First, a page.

Not all fresh herbs can survive the winter chill. However, fresh cilantro thrives during the winter, yielding a very refreshing flavor with notes of scallions throughout.
A member of the Apiaceae family, closely related to carrots, cilantro makes for a great addition to soups and salads, morning egg and breakfast potato preparations, and of course, homemade salsas. This week I prepared a coconut rice dish topped with fresh cilantro leaves as the Fix of the Week, below.
I also like to incorporate fresh cilantro into lentil soups, beef stew, as well as add it to salad dressings and marinades. I find cilantro is best when added to your meals fresh just before serving.
Cilantro is available at all weekly Santa Barbara certified farmers’ markets from several local producers. Certified organic is available. Price averages $2 per bunch.
Falling somewhere between a navel orange and satsuma tangerine, the tangelo is recognized by its deep orange peel, glossy skin and rounded body with a slightly lifted rounded neck. Very easy to peel and relatively seedless, it delivers a distinctly sweet and tangy flavor profile with notes of grapefruit throughout.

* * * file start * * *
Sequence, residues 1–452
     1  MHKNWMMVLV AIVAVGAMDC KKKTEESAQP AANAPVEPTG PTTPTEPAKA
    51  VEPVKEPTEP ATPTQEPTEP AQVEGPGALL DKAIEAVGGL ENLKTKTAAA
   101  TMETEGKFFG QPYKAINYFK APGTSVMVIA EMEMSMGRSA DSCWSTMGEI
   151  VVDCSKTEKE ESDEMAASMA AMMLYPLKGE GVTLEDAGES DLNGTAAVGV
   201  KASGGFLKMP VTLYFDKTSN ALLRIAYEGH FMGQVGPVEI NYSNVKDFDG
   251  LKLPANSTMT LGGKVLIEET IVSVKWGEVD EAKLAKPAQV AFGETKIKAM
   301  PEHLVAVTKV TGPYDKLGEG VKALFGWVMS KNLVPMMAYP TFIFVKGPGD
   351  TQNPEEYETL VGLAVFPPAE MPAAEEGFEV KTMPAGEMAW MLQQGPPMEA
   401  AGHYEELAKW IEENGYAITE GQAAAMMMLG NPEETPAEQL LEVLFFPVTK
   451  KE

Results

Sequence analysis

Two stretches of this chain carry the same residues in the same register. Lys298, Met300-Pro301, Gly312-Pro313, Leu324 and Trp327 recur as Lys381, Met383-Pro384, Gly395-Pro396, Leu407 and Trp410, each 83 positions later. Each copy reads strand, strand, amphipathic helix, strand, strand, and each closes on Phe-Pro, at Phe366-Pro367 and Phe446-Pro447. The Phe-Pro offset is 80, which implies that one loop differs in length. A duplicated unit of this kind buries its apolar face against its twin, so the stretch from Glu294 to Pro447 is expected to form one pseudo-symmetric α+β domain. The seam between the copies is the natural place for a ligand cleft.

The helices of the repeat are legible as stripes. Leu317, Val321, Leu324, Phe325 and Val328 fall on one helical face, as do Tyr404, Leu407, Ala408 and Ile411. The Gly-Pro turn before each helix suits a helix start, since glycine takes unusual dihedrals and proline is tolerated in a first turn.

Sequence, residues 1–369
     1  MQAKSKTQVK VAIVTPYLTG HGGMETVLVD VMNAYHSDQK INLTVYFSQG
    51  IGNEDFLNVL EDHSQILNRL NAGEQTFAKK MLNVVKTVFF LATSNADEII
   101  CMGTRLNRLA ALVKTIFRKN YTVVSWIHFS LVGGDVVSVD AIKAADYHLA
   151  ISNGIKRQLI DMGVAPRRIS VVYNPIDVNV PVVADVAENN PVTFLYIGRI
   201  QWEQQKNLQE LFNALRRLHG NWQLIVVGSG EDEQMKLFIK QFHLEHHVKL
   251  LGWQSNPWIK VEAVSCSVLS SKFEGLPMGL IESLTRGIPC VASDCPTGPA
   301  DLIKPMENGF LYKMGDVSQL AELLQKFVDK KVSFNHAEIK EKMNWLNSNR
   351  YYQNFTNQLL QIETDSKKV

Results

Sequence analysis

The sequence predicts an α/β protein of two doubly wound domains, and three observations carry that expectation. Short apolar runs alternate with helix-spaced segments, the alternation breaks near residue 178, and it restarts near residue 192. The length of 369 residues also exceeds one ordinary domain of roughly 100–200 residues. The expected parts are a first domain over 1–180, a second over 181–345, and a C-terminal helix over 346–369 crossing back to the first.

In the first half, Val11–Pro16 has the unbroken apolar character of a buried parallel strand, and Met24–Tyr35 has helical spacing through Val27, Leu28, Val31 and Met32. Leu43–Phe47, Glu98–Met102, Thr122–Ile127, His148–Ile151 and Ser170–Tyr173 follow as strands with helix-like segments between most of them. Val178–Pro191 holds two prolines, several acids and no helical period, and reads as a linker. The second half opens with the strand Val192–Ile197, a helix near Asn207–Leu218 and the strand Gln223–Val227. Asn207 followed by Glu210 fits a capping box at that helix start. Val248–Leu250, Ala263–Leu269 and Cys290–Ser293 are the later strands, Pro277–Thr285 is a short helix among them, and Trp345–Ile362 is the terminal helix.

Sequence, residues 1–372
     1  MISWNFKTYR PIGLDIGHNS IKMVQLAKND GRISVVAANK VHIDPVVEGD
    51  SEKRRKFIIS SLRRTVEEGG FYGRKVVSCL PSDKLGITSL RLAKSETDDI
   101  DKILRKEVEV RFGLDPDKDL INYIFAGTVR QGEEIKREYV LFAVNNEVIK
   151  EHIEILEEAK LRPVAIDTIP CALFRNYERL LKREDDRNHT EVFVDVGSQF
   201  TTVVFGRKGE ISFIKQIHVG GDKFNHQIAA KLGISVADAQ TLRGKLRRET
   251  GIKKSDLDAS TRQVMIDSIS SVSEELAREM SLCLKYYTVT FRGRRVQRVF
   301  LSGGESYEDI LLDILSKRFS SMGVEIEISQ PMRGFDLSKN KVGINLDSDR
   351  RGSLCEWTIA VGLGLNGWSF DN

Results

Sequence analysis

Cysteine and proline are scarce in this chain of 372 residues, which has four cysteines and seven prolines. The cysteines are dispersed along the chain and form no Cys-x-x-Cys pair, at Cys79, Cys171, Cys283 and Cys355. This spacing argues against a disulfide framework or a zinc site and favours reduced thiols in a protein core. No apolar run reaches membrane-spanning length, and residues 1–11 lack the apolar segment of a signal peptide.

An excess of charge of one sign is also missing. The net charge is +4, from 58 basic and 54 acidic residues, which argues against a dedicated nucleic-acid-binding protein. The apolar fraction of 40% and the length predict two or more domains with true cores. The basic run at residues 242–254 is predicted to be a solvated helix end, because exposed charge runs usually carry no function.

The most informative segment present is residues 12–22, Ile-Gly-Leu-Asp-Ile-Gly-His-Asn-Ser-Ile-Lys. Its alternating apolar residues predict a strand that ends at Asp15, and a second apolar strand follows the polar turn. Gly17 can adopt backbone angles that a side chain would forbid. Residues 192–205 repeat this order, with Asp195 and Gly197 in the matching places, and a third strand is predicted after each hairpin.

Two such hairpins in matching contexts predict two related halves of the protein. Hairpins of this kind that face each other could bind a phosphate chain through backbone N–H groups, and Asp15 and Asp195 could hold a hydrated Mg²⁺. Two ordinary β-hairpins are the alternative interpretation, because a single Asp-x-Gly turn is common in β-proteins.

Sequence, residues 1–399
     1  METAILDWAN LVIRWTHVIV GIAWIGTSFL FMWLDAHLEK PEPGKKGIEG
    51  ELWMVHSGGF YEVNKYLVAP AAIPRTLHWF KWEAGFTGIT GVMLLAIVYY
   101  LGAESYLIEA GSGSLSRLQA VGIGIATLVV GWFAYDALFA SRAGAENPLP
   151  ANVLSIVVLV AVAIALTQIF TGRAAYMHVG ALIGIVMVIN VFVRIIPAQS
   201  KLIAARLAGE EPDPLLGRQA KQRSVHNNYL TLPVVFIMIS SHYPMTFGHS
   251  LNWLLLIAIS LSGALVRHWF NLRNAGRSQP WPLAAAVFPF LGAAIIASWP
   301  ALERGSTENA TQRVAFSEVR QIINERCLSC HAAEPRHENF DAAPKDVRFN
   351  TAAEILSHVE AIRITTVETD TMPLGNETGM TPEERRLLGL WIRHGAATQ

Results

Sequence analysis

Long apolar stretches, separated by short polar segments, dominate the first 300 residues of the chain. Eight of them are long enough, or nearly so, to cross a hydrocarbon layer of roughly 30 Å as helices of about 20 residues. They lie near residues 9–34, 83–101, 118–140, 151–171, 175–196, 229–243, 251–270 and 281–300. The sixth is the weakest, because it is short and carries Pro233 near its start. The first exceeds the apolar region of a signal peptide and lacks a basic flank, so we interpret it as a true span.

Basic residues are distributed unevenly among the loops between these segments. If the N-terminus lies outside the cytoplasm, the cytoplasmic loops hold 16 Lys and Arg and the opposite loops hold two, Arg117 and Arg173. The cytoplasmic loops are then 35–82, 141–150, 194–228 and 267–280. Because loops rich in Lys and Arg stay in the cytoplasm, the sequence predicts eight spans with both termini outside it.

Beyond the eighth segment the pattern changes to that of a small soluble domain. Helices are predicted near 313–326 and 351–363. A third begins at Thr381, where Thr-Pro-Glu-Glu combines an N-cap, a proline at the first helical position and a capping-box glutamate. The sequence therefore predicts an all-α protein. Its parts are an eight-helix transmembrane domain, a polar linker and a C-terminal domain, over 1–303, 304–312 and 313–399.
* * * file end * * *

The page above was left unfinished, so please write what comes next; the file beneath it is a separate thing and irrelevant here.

The tangelo is believed to be a hybrid cross of a Dancy tangerine and a Duncan grapefruit.
Tangelos are very juicy so they can be used as both an eat-right-out-of-your-hand fruit, as well as for juicing.
They’re available from several local growers. You can find tangelos while in season at the weekly Saturday Santa Barbara Sunday Camino Real, Tuesday Santa Barbara and Thursday Carpinteria farmers’’ markets. Price averages $3 per pound.
Japanese sweet potato
With a pink skin and creamed colored fresh, these are some of my favorite sweet potatoes to enjoy when available. I like to combine some peeled Japanese sweet potatoes with Yukon gold potatoes in my mashed potatoes. They also make a very nice addition to beef stews.
Japanese sweet potatoes deliver a very smooth texture when slowly roasted in the oven, or they can be pan fried to yield a crispy exterior. They yield a nice underlying nutty flavor with an almost chestnut like presence. You can find Japanese sweet potatoes at the weekly Saturday Santa Barbara, Sunday Camino Real and Tuesday Santa Barbara farmers’ markets.
Price averages $3 per pound.